Jay-Z understands the power of his voice when it comes to speaking out against injustice, and he’s pushing for more people to use theirs to help bring about social change.
“Look around at what’s happening in your town and your city right now. Think small, and you can do much bigger things,” the rapper wrote in a moving essay for The Hollywood Reporter on Wednesday.
He mentioned the ways he has used his own resources to help tell the story of the late Kalief Browder, who died by suicide in 2015 after spending three torturous years on Rikers Island for allegedly stealing a backpack.
“The power of one voice is strong, but when it comes to social justice, the power of our collective voices is unstoppable,” he wrote. “Now is the time to recognize that through our voices we really can effect change.”
“Some of us will do the important work locally at the micro level to awaken our neighbors,” he continued. “Some of us will work for progress regionally. And a few of us will be like Kalief Browder, a modern-day prophet whose death two years ago started a discussion that continues today about how poor, black juveniles are treated in the criminal justice system.”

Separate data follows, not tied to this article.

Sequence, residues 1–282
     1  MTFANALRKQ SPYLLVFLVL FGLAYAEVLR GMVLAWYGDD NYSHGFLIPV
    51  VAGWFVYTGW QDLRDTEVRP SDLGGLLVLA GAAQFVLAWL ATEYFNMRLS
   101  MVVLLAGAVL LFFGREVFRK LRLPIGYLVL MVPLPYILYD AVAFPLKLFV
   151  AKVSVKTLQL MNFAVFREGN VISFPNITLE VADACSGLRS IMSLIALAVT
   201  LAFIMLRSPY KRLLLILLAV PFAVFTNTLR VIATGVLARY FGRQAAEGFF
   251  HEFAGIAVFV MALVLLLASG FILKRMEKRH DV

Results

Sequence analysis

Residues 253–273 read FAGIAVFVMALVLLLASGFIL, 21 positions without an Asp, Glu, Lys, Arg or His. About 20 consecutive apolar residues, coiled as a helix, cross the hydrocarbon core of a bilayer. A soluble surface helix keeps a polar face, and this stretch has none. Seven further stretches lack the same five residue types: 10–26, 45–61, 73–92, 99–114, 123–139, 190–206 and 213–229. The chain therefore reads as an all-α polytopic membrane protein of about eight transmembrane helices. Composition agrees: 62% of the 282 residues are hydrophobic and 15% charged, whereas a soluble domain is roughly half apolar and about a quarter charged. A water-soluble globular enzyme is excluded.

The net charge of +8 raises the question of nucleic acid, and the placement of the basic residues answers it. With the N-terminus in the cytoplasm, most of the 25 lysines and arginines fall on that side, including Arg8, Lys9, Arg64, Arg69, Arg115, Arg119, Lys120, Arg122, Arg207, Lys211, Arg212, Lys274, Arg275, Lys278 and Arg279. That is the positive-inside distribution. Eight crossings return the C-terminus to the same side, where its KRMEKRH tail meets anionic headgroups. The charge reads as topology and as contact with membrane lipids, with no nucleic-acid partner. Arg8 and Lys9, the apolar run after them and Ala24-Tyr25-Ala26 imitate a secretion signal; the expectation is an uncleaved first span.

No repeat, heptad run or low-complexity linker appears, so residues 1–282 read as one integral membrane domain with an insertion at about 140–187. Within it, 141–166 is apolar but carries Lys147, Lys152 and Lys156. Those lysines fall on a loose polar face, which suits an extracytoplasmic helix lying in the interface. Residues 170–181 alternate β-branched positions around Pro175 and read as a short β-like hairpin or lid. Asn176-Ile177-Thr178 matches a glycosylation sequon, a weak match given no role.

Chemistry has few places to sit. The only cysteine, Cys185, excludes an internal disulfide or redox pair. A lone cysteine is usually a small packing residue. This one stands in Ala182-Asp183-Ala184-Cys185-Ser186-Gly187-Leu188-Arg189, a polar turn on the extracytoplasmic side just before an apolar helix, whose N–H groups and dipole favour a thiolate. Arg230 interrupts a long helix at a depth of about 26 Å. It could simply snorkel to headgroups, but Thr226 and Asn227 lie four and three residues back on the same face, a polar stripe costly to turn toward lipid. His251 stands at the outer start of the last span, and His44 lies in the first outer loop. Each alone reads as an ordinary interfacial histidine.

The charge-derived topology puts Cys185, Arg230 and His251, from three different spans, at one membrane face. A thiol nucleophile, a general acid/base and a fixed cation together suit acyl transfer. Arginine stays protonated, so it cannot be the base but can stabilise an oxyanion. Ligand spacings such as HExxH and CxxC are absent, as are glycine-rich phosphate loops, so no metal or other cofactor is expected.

Jay-Z worked with film producer Harvey Weinstein to bring the documentary series “Time: The Kalief Browder Story” to TV, which he said made him realize that projects like this “could raise our voices and create that collective we need.”
“We can work together to demand change from our elected government officials,” he added. “We put them in office, we make the laws, and we show them the path to progress. That is our power, and it’s the only way that healing will come for Kalief and his family.”
Going forward, Jay-Z is pushing for more projects that speak to the harsh reality of race in America and his forthcoming documentary “Rest in Power: The Trayvon Martin Story” aligns with this mission.
“My hope is for my next documentary … to create a similar conversation that leads to change and helps keep our children safe,” he wrote. “But social justice isn’t a political issue. It’s a human issue. It’s a story of empathy. When we are able to identify that we are all not perfect and have compassion for someone else, we can move forward as a society.”
Check out his full essay on THR here.